Entering the US Open, Kerber again had another chance to dethrone Williams atop the world rankings. Due vagaries produced by the rolling 52-week nature of the ranking calculations, as defending US Open Champion Williams would actually need to outperform Kerber to hold onto her crown and move past Graf and into sole possession of the record for most consecutive weeks at number one.
As the tournament progressed, the two again appeared on a collision course, both impressive as they marched into the semi-finals. Standing in the way of Kerber’s third Grand Slam Final was Caroline Wozniacki and waiting for Williams, fresh off her Western & Southern Open victory, Karolína Plíšková.
Plíšková was given very little chance of providing much more than hitting practice for Williams ahead of another trip to Arthur Ashe Stadium for the Final. The Australian Open Analytics (GIG) team using a complicated system measuring a player’s strength using all their career performance data, while weighting more recent performances and strength of opponent more heavily, calculated her chance of victory at 13%.
As any gambler would tell you, the smart ones anyway, the only true certainty in sport is its uncertainty and it proved so again on this day. Plíšková’s power caused Williams all end of troubles, as the biggest server in the women’s game her remarkable first serve percentage gave her an advantage she took full toll of. Williams, her power blunted, began to commit unforced errors as she tried ever harder to find a way past the young Czech.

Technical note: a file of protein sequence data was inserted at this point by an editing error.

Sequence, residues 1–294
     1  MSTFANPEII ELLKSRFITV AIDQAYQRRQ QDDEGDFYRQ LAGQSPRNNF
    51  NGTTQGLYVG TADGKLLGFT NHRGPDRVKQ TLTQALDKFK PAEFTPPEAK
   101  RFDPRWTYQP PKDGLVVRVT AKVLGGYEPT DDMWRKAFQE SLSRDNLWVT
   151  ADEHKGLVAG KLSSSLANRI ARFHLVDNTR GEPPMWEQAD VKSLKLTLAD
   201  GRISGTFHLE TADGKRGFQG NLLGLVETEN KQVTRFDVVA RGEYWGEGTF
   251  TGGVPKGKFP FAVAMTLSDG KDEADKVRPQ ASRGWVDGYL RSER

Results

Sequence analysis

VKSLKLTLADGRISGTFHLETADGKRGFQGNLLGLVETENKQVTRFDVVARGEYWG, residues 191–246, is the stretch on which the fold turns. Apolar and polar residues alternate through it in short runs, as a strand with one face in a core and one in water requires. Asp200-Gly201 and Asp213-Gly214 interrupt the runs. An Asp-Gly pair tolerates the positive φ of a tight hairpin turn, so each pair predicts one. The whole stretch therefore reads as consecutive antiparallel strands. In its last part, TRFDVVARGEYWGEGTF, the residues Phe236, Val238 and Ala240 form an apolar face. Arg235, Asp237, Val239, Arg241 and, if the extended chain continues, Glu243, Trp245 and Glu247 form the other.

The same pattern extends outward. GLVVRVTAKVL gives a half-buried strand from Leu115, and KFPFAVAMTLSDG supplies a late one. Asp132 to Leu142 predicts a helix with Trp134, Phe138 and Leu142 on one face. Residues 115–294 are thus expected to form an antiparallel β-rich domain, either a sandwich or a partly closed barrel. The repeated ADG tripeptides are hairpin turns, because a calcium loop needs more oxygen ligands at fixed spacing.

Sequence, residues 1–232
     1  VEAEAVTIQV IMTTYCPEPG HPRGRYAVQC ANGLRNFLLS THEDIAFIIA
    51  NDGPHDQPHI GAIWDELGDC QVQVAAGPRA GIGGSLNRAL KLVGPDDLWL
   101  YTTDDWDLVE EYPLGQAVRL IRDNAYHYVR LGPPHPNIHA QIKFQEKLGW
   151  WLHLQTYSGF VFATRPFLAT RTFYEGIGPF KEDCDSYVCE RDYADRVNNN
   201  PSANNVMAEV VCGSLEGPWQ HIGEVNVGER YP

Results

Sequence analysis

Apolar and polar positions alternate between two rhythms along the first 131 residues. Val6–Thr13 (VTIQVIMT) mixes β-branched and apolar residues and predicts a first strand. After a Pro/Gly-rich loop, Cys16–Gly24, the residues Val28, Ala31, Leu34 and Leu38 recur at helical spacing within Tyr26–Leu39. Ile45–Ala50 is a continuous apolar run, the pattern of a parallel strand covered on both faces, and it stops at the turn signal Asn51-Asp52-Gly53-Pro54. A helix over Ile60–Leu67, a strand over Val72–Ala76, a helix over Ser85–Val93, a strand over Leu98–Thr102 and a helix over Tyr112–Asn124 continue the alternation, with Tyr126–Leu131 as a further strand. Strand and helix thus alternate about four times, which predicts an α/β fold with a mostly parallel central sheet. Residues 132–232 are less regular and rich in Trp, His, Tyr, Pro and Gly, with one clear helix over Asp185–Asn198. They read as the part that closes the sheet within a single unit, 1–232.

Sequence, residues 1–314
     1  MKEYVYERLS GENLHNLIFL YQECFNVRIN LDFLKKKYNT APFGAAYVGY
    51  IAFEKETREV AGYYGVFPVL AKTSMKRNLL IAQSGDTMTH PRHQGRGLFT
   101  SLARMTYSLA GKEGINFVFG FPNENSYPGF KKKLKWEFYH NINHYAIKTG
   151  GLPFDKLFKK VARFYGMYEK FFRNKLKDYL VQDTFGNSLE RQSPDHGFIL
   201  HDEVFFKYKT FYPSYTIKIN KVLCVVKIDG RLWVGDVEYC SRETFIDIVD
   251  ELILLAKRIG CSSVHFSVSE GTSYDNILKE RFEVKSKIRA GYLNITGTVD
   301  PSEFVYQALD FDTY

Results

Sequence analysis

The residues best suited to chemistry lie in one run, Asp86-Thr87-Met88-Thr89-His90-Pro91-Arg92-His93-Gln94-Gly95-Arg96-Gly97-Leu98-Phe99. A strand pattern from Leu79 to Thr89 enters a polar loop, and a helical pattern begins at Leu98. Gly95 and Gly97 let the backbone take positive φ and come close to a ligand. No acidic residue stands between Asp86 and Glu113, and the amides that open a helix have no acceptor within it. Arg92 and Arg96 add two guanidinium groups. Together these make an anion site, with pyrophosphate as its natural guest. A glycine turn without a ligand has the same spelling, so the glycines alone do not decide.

This descent into error ultimately cost the champ, with a double fault on match point costing her the match and her hold on the number one ranking. 19 days after a Plíšková victory prevented Kerber ascending to number one, another enabled it. (If like me you love reading about probabilities, take a look at an analysis of how the GIG formula tracked Plíšková’s chances improve from 13% to victory as the match progressed here.
As the players entered the arena for the second semi-final the large crowd remained shocked and trying to come to grips with the ramifications of what they had just seen in the preceding match. Rather than Serena Williams awaiting the winner in the final as expected, a first time finalist sat in wait and No 2 seed Angelique Kerber entered the court, no longer the number 2 player in the world.